With 48 percent of its guard positions vacant, SMCI was on lockdown for at least seven months in 2019. The 404 guards it needs are part of a group of at least 500 that the DOC is trying to hire. But with a starting salary of $24,903 per year – $26,148 with a college degree or prior prison experience – there are few takers to replace departing experienced staff like former SMCI guard Wallace Carpenter. The 12-year veteran survived a 2007 attack by prisoners, only to quit in 2015 as staff dwindled and violence increased.
“I didn’t feel like pressing my luck,” he said.
The understaffing and lack of experienced guards has resulted in security lapses at DOC facilities.
In July 2018, Greene County Herald publisher Russell Turner went to his Leakesville home and found a man sitting on his porch. The man asked for a ride to a hospital, which Turner gave him, only to find out later that he was convicted murderer Michael F. Wilson. The 47-year-old had escaped from SMCI several hours before, but no alert had been issued because the understaffed prison hadn’t noticed.
One year later, a pair of prisoners escaped from the Central Mississippi Correctional Facility (CMCF) and remained at large for six days before being captured some 90 miles away. That same month, in July 2019, an MSP prisoner with two other escapes on his record broke out again. He was caught the next day.
DOC policy requires guards to regularly count prisoners, but internal memos indicated that some of those counts may have been falsified by overworked staff.
“A convicted murderer, serving a life sentence, strolled out of a state prison in broad daylight and was on the run for quite some time before anyone was looking for him,” Turner wrote in the Herald after Wilson was recaptured. “That is the issue we need to be discussing and pushing state and local officials to address.”
Meanwhile, six prisoners died at MSP and a seventh at CMCF in the first 16 days of July 2019. Prisoners Lance Hagan and Kenneth Brown died at MSP on July 6 and 9, respectively; Jeffery Allen and Keith Bogan on July 10; Joseph Groff on July 13; and Howard Goodin on July 16. The death of prisoner Veronica Boatman at CMCF was the only homicide. A DOC database indicated 21 state prisoners died between January and early May 2019.
Goodin, 41, was convicted of capital murder and armed robbery in 1999. He had been removed from death row after being found mentally disabled. Groff, 43, was convicted of capital murder and arson in 2005. His state appeals were postponed while he underwent mental health treatment after having been found incompetent to stand trial.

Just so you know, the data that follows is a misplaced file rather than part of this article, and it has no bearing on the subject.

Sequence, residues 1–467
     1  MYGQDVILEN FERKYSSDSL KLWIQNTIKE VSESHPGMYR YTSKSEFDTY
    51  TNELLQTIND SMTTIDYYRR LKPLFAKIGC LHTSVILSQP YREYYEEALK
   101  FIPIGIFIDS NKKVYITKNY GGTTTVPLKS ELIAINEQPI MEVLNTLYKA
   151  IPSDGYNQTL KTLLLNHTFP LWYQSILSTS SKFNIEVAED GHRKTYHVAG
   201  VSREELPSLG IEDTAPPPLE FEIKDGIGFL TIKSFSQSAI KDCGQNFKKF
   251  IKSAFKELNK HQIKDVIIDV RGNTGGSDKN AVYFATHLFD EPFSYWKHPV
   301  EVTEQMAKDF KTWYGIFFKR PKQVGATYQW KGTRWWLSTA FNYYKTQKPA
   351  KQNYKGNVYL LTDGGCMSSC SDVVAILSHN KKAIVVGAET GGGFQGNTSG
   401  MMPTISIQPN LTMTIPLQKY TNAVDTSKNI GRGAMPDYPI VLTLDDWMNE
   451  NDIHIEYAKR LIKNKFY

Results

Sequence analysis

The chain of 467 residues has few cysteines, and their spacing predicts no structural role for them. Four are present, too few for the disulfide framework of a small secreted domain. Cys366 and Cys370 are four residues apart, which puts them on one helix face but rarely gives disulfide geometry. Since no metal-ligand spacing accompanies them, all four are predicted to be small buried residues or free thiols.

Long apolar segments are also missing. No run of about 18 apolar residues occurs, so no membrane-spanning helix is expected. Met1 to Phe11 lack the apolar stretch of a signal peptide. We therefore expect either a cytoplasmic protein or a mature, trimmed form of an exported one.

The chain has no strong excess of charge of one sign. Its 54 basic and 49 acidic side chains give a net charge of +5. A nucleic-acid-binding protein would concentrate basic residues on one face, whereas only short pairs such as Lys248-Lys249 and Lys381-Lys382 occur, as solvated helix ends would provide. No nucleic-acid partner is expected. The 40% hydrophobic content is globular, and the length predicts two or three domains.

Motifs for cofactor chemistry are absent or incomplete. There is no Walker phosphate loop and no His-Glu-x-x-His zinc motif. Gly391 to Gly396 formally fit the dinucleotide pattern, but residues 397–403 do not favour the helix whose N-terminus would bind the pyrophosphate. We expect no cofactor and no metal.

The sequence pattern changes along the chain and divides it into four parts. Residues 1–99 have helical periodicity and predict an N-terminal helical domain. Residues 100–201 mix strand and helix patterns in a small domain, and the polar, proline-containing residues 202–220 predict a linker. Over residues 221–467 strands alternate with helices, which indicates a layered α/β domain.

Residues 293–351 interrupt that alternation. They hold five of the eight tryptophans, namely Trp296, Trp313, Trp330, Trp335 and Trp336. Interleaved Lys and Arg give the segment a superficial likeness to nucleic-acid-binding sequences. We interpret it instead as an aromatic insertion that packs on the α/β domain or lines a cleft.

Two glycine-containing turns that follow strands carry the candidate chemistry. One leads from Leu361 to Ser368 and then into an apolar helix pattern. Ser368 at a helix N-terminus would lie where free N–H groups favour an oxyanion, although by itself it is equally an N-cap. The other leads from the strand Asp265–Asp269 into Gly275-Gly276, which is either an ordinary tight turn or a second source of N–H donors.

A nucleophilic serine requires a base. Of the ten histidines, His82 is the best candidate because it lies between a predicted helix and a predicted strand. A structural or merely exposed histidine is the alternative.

The DOC experienced a similar spike in prisoner deaths in August 2018, when 16 prisoners died at SMCI, MSP and CMCF.
Families of the deceased prisoners said no provisions were made for visitation or phone calls, and no medical condition updates were provided before their deaths. Most heard from a chaplain associated with the prison just before or after their incarcerated family member died. DOC officials promised transparency and called for a federal investigation of the deaths in 2018.
When the number of fatalities hit 12, Commissioner Hall said that number was “not out of line with the number of deaths from previous months.” However, federal statistics indicate otherwise.
Between 2001 and 2014, the DOC averaged 51 prisoner deaths per year, a rate 27 percent higher than the national average during the same time period. Over a six-month period from November 2015 through May 2016, 18 prisoners died at MSP alone. [See: PLN, July 2016, p.28].
Johnson, with the MacArthur Justice Center, said the state should be held responsible for the deaths – even those that were allegedly due to natural causes, which in some cases involved inadequate medical care or neglect.
“My experience representing Mississippi inmates tells me that these deaths were not ‘natural’ at all. I believe they are the result of long-term malnourishment, lack of adequate health care services, and exposure to conditions that take a terrible toll on the body,” he said in an email. “Mississippi’s leaders pay no political price whatsoever for abhorrent conditions or inmate deaths.”
Sources: Mississippi Today, Clarion Ledger, postandcourier.com, nbcnews.com, www.mdoc.ms.gov